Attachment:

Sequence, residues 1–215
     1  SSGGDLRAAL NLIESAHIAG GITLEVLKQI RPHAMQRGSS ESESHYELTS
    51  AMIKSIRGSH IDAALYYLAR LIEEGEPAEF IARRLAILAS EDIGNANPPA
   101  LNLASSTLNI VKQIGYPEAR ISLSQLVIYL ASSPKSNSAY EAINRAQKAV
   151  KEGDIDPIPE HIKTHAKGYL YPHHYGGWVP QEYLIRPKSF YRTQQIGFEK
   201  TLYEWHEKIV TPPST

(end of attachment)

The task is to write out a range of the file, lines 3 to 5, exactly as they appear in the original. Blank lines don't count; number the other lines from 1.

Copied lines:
    51  AMIKSIRGSH IDAALYYLAR LIEEGEPAEF IARRLAILAS EDIGNANPPA
   101  LNLASSTLNI VKQIGYPEAR ISLSQLVIYL ASSPKSNSAY EAINRAQKAV
   151  KEGDIDPIPE HIKTHAKGYL YPHHYGGWVP QEYLIRPKSF YRTQQIGFEK